Wireless networks are ubiquitous these days. We are all, for better or worse, being bombarded by radio waves in all sorts of frequency ranges, and if we could put a 2.4GHz monitor in our heads, wed be overloaded by the sheer volume of traffic screaming around on wireless networks using that frequency.
Despite the phenomenal security and reliability issues with it, users ranging from my parents to Fortune 100 companies are using it. What has driven the move from wired Ethernet to WiFi?
Clearly, convenience is part of it. Outside the enterprise, there is no doubt that this convenience is worth it, at least from my standpoint. Recently, I relocated from Cambodia to Santiago, Chile, where things such as acquiring Internet service can take weeks. Many businesses here provide free WiFi to customers, providing a valuable service for many and giving themselves a competitive advantage. I dont really want to think about how much time I have spent at Starbucks for their magic combo caffeine, no smoking, and free WiFi.
In the home, the case gets weaker. While staying in a temporary apartment during my move, I could see roughly 15 networks at any given time, of varying signal strength. Almost all of those were protected with either WEP or WAP, and I have to confess that I was sorely tempted to just borrow one of those connections with the help of Airsnort and friends.
Now that I've moved to a house, I only have two networks visible, one for each neighbor. Again, they are protected networks. But how many places do those people really use their computers? Is it worth it to them to deal with the hassle of setup, the knowledge that the wireless router will crash, and the interference with cordless phones and other wireless devices in the home?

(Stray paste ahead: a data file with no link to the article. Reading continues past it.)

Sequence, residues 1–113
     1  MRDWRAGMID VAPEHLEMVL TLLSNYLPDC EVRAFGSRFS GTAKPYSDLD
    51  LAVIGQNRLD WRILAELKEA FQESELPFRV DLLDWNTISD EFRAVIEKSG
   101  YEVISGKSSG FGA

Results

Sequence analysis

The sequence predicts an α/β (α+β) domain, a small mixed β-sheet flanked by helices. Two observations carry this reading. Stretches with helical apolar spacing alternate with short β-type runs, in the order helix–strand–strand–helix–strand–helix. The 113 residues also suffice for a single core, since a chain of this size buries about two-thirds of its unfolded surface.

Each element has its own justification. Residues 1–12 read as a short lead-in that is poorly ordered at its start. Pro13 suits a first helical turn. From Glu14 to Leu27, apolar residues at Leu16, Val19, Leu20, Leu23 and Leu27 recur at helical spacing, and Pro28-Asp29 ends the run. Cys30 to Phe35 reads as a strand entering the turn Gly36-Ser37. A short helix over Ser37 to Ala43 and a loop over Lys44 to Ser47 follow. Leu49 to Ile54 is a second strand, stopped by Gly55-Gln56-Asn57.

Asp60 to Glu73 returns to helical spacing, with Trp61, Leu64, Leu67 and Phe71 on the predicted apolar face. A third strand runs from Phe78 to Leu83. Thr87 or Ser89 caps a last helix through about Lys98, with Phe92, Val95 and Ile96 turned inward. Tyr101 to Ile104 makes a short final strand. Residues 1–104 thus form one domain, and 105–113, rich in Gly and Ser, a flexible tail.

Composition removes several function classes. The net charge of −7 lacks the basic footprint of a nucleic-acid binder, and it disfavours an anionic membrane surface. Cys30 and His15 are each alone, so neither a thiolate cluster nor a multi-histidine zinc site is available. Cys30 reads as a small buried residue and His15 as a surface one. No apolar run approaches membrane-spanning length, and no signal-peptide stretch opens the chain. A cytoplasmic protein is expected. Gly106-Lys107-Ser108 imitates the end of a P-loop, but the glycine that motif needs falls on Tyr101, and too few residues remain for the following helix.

Mache Creeger did a piece on this in ACM Queue, and I have to confess that I was nearly convinced. "Nearly" because I move so much and seldom live someplace that I own. If I had a more permanent home, I would certainly think twice about the utility of wireless versus a proper wired infrastructure.
Inside the enterprise, the case for wireless is even less clear. For the legitimate user, it's fantastic to be able to open a laptop anywhere in a building and know that, given the proper password, full access to the network will be available within seconds. No more worries about how many network drops a conference room has or how many people will need access, and no more cables draped over the edges of tables and running to the walls.
But what are the costs? Well, for one, managing a large wireless infrastructure is far from free, and the number of access points needed to provide good coverage throughout a large building is decidedly non-trivial. Then there will be dead zones and annoyed people that go along with them. I can check my email in the bathroom! is certainly not a phrase I long to hear in my life.
Add these to the security headaches of keeping synchronized encryption keys on all the devices, changing them regularly to limit the damage from compromise, trying to limit the network to the offices perimeter, and adding the secondary access control mechanisms to prevent anyone with Airsnort from getting the run of the show, and the costs seem pretty high. The wireless network taxes not just the IT infrastructure, but the security group as well.
There are certainly products out there that provide reasonable control security for these networks, but it seems to me that the cost both initial and ongoing must be hard to justify. If you have experiences to share on either side of the wireless security argument, please post a reply to the message board attached to this column.
Nathan Spande has implemented security in medical systems during the dotcom boom and bust and suffered through federal government security implementations. Special to Dark Reading